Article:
Light to moderate intake of alcohol, drinking patterns, and risk of cancer: results from two prospective US cohort studiesBMJ 2015; 351 doi: https://doi.org/10.1136/bmj.h4238 (Published 18 August 2015) Cite this as: BMJ 2015;351:h4238
- Yin Cao, postdoctoral research fellow1,
- Walter C Willett, professor123,
- Eric B Rimm, professor123,
- Meir J Stampfer, professor123,
- Edward L Giovannucci, professor123
- 1Department of Nutrition, Harvard T H Chan School of Public Health, Boston, MA 02115, USA
- 2Department of Epidemiology, Harvard T H Chan School of Public Health, Boston, MA, USA
- 3Channing Division of Network Medicine, Brigham and Women’s Hospital and Harvard Medical School, Boston, MA, USA
- Correspondence to: E L Giovannucci
- Accepted 28 July 2015
Objectives To quantify risk of overall cancer across all levels of alcohol consumption among women and men separately, with a focus on light to moderate drinking and never smokers; and assess the influence of drinking patterns on overall cancer risk.
Design Two prospective cohort studies.
Setting Health professionals in the United States.
Participants 88 084 women and 47 881 men participating in the Nurses’ Health Study (from 1980) and Health Professionals Follow-up Study (from 1986), followed until 2010.
Main outcomes and measures Relative risks of cancer.
Results 19 269 and 7571 (excluding non-advanced prostate cancers) incident cancers were documented among women and men, respectively, over 3 144 853 person years. Compared with non-drinkers, light to moderate drinkers had relative risks of total cancer of 1.02 (95% confidence interval 0.98 to 1.06) and 1.04 (1.00 to 1.09; Ptrend=0.12) for alcohol intake of 0.1-4.9 and 5-14.9 g/day among women, respectively. Corresponding values for men were 1.03 (0.96 to 1.11), 1.05 (0.97 to 1.12), and 1.06 (0.98 to 1.15; Ptrend=0.31) for alcohol intake of 0.1-4.9, 5-14.9, and 15-29.9 g/day, respectively. Associations for light to moderate drinking and total cancer were similar among ever or never smokers, although alcohol consumption above moderate levels (in particular ≥30 g/day) was more strongly associated with risk of total cancer among ever smokers than never smokers. For a priori defined alcohol related cancers in men, risk was not appreciably increased for light and moderate drinkers who never smoked (Ptrend=0.18). However, for women, even an alcohol consumption of 5-14.9 g/day was associated with increased risk of alcohol related cancer (relative risk 1.13 (95% confidence interval 1.06 to 1.20)), driven by breast cancer. More frequent and heavy episodic drinking was not further associated with risk of total cancer after adjusting for total alcohol intake.
Conclusion Light to moderate drinking is associated with minimally increased risk of overall cancer. For men who have never smoked, risk of alcohol related cancers is not appreciably increased for light and moderate drinking (up to two drinks per day). However, for women who have never smoked, risk of alcohol related cancers (mainly breast cancer) increases even within the range of up to one alcoholic drink a day.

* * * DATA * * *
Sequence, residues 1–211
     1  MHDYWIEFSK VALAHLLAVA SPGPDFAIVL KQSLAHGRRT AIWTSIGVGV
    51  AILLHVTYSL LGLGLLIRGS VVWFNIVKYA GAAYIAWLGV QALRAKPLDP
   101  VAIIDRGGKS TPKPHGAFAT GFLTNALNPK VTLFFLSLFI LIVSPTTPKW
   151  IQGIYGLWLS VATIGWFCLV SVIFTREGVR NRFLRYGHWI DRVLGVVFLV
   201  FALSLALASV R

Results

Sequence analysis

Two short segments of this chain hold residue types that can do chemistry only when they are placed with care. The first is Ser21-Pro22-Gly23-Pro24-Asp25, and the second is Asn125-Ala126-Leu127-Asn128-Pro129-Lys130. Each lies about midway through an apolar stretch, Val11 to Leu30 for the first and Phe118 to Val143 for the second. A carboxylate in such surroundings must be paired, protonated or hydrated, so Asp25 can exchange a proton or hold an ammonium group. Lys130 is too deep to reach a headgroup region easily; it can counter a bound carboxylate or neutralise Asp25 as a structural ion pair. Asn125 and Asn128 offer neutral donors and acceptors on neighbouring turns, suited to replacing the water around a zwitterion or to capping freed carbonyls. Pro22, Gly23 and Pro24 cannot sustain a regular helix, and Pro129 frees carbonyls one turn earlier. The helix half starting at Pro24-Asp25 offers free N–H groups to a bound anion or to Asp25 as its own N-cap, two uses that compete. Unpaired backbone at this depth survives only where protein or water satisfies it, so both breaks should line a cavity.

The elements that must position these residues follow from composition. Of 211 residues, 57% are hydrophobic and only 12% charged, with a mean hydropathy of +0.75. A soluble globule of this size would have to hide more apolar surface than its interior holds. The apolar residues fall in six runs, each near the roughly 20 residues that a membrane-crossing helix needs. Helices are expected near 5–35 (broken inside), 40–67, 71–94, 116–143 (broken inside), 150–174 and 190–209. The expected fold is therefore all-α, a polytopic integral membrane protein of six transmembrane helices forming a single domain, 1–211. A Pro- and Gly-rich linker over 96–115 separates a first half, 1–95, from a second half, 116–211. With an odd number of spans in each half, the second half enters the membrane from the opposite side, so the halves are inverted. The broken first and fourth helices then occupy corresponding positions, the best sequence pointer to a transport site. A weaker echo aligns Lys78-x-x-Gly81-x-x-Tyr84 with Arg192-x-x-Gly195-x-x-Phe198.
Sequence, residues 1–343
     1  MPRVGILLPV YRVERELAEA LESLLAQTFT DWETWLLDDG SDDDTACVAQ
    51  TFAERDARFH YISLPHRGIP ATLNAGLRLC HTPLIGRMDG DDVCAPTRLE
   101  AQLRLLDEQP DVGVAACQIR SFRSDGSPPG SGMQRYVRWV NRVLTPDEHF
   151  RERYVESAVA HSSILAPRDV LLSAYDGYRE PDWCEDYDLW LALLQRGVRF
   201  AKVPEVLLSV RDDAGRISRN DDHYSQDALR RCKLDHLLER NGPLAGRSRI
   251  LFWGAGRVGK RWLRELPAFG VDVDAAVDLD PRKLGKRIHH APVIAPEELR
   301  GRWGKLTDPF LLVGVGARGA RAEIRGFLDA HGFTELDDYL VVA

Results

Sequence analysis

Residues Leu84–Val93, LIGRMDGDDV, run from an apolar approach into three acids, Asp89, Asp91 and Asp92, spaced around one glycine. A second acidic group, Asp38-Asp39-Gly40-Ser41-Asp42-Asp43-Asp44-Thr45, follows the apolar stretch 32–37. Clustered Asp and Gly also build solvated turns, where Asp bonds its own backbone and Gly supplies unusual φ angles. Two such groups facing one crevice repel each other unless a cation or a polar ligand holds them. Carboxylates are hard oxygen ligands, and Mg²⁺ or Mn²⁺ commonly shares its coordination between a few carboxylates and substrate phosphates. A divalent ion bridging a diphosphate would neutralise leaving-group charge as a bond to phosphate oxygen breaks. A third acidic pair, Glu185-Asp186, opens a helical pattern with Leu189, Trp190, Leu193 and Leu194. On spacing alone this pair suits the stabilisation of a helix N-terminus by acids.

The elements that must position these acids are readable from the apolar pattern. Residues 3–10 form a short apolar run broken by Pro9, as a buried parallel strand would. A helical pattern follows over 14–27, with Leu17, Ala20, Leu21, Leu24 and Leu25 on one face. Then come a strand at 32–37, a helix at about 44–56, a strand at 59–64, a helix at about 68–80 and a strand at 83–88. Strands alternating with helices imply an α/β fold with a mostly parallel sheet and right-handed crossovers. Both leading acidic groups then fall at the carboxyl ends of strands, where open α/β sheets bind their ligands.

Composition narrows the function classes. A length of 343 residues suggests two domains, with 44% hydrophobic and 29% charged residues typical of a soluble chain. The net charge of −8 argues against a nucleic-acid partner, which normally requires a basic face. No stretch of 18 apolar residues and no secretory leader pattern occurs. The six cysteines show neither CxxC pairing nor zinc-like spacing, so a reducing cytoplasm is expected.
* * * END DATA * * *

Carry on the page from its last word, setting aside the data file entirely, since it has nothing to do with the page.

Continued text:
We thank the participants and staff of the Health Professionals Follow-up Study and the Nurses’ Health Study for their valuable contributions, as well as the following US state cancer registries for their help: AL, AZ, AR, CA, CO, CT, DE, FL, GA, ID, IL, IN, IA, KY, LA, ME, MD, MA, MI, NE, NH, NJ, NY, NC, ND, OH, OK, OR, PA, RI, SC, TN, TX, VA, WA, and WY.
Contributors: YC and ELG had full access to all of the data in the study and take responsibility for the integrity of the data and the accuracy of the data analysis. YC and ELG conceived and designed the study. WCW, EBR, MJS, and ELG acquired the data. YC and ELG drafted the manuscript. All the authors critically revised the manuscript for important intellectual content. YC carried out the statistical analysis. WCW, EBR, MJS, and ELG obtained funding. YC and ELG were responsible for administrative, technical, or material support. ELG was responsible for study supervision. YC is guarantor. The authors assume full responsibility for analyses and interpretation of these data.
Funding: This work was supported by grants from the US National Institutes of Health (UM1 CA186107, P01 CA87969, P01 CA55075, and UM1 CA167552). The sponsors had no role in the design and conduct of the study; collection, management, analysis, and interpretation of the data; preparation, review, or approval of the manuscript; and decision to submit the manuscript for publication.
Competing interests: All authors have completed the ICMJE uniform disclosure form at www.icmje.org/coi_disclosure.pdf and declare: no support from any organization for the submitted work; no financial relationships with any organizations that might have an interest in the submitted work in the previous three years; and no other relationships or activities that could appear to have influenced the submitted work.
Ethical approval: The study protocol was approved by the institutional review boards of the Harvard T H Chan School of Public Health and Brigham and Women’s Hospital. The completion of the self-administered questionnaire was considered to imply informed consent.
Data sharing: No additional data available.
The lead author (the manuscript’s guarantor) affirms that the manuscript is an honest, accurate, and transparent account of the study being reported; that no important aspects of the study have been omitted; and that any discrepancies from the study as planned (and, if relevant, registered) have been explained.
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